Hiking in Durnstein, Austria
Here is where the term “environmentalist” can be intimidating. Like me, regardless of the steps you are taking to reduce your carbon footprint, you may also hesitate to refer to yourself as an environmentalist. Your mistakes seem to outweigh your victories, and you feel your trek towards a greener future will never be fast enough, radical enough, or good enough to make a difference. Fortunately, this is where we are all wrong. No matter what, we will always have an impact on the world around us. True success in the environmental movement can only result from cultivating the love and respect for the natural world that is often lost in the chaos of modern life. Progress requires action, but action begins with purpose and passion. As I have learned in my time in Environmental Science, the term “environmentalist” encompasses anyone who cherishes the planet and the future of the people on it. Therefore, an environmentalist may be a teacher who recycles old papers in the classroom, a businessman who takes the bus to work, a child whose favorite pastime is climbing trees, a family that buys local produce for dinner, or a college student who shops thrift. Environmentalists can be doctors, firefighters, CEOs, musicians, students, lawyers, teachers, farmers, moms, and dads. Environmentalists can be anyone... including me.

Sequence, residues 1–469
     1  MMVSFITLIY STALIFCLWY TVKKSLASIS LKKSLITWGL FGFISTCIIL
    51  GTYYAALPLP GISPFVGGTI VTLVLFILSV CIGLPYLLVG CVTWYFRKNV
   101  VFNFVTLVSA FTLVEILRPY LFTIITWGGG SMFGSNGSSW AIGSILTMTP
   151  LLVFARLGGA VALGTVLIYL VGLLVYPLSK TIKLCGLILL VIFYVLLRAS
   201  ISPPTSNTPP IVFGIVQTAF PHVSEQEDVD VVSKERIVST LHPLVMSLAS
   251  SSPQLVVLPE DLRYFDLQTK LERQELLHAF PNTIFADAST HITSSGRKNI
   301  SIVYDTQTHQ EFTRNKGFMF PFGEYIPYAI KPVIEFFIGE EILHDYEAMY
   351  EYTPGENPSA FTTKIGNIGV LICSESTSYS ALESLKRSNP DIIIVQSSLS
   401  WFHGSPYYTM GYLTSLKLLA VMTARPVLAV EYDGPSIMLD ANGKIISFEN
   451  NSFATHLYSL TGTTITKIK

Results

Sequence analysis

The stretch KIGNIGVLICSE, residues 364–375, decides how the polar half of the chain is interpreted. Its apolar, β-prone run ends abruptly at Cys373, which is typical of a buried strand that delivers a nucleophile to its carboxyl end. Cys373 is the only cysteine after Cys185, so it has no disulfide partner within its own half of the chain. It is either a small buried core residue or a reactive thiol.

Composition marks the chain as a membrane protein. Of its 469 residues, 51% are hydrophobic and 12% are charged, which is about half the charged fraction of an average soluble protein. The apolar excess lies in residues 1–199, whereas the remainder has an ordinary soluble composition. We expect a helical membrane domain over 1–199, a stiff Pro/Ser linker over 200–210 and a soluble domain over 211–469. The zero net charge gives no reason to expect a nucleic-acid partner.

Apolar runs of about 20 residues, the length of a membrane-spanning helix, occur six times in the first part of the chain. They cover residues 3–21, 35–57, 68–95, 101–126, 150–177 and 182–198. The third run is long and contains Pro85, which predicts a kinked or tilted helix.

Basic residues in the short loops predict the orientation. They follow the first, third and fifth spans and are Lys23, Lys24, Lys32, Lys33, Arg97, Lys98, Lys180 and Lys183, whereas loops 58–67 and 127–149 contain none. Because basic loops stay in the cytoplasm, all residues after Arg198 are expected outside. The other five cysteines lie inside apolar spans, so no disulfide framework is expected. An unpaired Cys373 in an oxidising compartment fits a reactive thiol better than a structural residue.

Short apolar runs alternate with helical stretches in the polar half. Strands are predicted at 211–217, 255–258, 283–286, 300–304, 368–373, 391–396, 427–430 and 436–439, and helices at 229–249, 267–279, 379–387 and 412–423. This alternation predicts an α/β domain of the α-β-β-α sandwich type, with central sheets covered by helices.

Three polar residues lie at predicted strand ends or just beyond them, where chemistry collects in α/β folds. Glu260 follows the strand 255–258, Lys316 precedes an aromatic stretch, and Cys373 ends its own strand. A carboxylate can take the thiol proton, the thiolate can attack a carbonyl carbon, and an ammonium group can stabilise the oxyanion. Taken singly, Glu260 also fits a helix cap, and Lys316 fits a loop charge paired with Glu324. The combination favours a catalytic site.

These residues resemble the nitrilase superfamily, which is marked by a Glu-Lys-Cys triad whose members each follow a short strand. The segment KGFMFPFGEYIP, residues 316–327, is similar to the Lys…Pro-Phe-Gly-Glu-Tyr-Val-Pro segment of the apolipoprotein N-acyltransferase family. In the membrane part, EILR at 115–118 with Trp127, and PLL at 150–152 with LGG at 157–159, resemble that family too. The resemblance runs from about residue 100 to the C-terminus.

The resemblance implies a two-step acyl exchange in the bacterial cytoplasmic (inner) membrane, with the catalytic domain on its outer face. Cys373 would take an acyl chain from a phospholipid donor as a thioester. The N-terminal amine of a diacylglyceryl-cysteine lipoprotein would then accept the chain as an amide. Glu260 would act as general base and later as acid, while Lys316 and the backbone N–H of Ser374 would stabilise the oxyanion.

Hiking at Jackson Falls, TN
By Faith Martin, Intern with the Division of Sustainability, Summer 2019
One of Socket's favorite annual events, Celebrate Nashville provides an opportunity for intercultural dialogue and features a variety of dance and musical performances on different stages, food vendors offering authentic and exotic tastes from around the world, hands-on children’s activities, an area just for teens, a marketplace, and more!
Saturday, October 5, 2019, 10am-6pm
Centennial Park, Nashville, TN
Learn more: http://celebratenashville.org/
Socket will be at the Dragon Boat Festival this year! Join us in raising awareness and funds to keep the Cumberland River and its tributaries clean and healthy for future generations.
Saturday, September 7th, 10am-5pm